The firm's labor and employment law practice encompasses a full range of services for the more than two dozen higher education institutions which are our clients. For colleges and universities with unionized workforces, this includes collective bargaining, labor arbitration, and representation before the National Labor Relations Board (or the appropriate Public or State Labor Relations Board) in both unfair labor practice and representation matters. In each of these areas, as well as all others, the level of our services varies in accordance with client needs. For example, for many clients involved in collective bargaining, one of our attorneys is present at the bargaining table and serves as chief spokesperson; for others we are present during negotiations as a resource, but not as a chief negotiator; for still others we counsel behind-the-scenes, draft and cost proposals and work with the management team to formulate a cohesive and effective bargaining strategy.
Similarly, with respect to labor arbitrations, our services complement the institution's resources. For clients with a limited in-house staff, or for more complex problems, this may mean total involvement in the arbitration process, from counseling on the appropriate grievance answer at the initial steps to the preparation of witnesses and presentation of the institution's case before an arbitrator. It may also involve a more limited role, such as counseling in-house personnel on arbitration approaches and strategies and aiding in the preparation of witnesses, while the in-house staff actually presents the institution's case.
For non-unionized institutions, our attorneys provide assistance in the preparation and/or review of faculty and staff handbooks, appointment letters and personnel policies, including counseling on employee screening and testing; supervisory training; and advice in responding to union organizing campaigns involving faculty, graduate students and hourly staff
Our practice not only deals with traditional areas of labor law, but also with the full range of employment law matters. This practice includes state and federal court representation of colleges and universities in breach of contract, employment-at-will, and other employment-related claims. It also includes defending institutions before state and federal administrative agencies (including EEOC and OCR), and in courts, against claims of discrimination (e.g., race, gender, sexual harassment, age, disability, etc.). We also regularly assist colleges and universities in the preparation of affirmative action plans and programs, and provide representation during OFCCP audits and investigations.
Finally, our attorneys are experienced in the full range of other labor problems likely to be encountered by colleges and universities, including faculty tenure and contract disputes, State and Federal wage/hour matters, OSHA investigations and hearings and immigration matters.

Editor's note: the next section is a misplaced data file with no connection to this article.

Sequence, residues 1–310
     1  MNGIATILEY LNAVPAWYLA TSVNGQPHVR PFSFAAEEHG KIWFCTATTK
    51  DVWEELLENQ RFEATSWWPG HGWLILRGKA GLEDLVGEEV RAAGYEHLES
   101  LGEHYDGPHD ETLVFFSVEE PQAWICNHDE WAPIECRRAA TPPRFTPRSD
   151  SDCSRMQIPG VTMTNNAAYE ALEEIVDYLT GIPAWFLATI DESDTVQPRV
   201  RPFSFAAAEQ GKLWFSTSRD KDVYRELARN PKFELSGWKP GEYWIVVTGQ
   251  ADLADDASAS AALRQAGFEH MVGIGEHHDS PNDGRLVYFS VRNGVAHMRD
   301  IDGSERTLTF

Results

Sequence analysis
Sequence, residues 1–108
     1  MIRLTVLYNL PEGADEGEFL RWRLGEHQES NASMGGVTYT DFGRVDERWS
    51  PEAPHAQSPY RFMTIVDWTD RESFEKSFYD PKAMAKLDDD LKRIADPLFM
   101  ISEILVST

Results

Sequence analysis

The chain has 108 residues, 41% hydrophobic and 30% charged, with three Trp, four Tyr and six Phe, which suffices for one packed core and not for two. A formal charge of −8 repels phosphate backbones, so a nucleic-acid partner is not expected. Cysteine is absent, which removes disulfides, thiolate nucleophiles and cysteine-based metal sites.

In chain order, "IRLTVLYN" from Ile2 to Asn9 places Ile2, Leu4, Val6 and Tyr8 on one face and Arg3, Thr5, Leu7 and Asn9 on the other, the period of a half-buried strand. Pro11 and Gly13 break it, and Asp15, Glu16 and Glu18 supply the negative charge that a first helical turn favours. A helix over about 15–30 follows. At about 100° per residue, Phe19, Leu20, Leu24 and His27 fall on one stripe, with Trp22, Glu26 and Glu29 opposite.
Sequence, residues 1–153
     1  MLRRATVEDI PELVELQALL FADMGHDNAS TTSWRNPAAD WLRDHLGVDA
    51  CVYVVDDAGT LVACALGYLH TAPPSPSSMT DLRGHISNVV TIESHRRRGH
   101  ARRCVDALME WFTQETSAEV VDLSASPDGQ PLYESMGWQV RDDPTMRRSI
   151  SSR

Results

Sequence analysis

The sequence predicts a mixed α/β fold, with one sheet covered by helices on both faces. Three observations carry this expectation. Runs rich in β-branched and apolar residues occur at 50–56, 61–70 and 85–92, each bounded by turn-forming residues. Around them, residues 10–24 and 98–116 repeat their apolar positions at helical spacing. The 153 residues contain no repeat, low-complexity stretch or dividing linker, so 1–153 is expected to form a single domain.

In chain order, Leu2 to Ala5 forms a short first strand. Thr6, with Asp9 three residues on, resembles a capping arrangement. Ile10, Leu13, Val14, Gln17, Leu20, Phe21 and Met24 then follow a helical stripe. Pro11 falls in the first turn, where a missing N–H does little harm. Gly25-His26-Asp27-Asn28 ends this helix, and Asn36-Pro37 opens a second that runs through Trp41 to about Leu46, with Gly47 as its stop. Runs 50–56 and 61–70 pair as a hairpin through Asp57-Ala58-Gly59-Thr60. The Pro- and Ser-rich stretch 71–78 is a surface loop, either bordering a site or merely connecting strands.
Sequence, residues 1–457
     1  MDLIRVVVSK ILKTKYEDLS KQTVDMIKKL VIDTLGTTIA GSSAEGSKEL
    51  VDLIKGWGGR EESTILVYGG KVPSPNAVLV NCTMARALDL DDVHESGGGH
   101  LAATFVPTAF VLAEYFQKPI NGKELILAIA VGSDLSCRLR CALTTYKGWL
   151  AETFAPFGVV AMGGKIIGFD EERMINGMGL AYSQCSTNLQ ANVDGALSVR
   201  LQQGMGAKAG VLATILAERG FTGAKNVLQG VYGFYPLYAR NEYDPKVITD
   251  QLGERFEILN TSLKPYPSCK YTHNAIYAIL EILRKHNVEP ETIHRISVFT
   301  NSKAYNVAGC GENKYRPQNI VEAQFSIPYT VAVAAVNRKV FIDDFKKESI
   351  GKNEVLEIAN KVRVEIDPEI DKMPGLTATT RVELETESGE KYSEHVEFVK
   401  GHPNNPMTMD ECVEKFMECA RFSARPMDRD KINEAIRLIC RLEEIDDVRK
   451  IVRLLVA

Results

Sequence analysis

Examples of past cases for colleges and universities include:
- Successful representation in numerous internal and judicial review (State and Federal trial and appellate courts) proceedings involving tenure denial, non-renewal, non-promotion and termination.
- Confidential investigations of sensitive charges of wrongdoing by top administrators, faculty and others.
- Representation of institution in landmark NLRB proceeding resulting in assertion of NLRB jurisdiction over private college and university labor and collective bargaining matters, reversing the Board's prior abstention position, and removing institutions from the unpredictable jurisdiction of state agencies.
- Secured summary judgment on behalf of one community college's board of trustees in a federal suit brought by a former dean alleging that his termination violated the ADEA, constituted a deprivation of property without due process, and was in retaliation for protected free speech; and secured summary judgment on behalf of a second community college in a federal action brought by a former president raising various constitutional liberty and due process claims as a result of his non-renewal.
- Represented Ithaca College in the first NLRB decision on managerial status of faculty following the U.S. Supreme Court's decision in NLRB v. Yeshiva University. After a 25-day hearing and extensive briefing, the NLRB agreed that faculty effectively determined curriculum, grading system, admission standards, course schedules and calendar, and hiring and tenure decisions and thus were managerial and not eligible for collective bargaining. Have represented other institutions in Yeshiva hearings since then.
- Successfully defended of an institution against compensation and termination discrimination claims brought by a female coach of a women's basketball program under Title IX.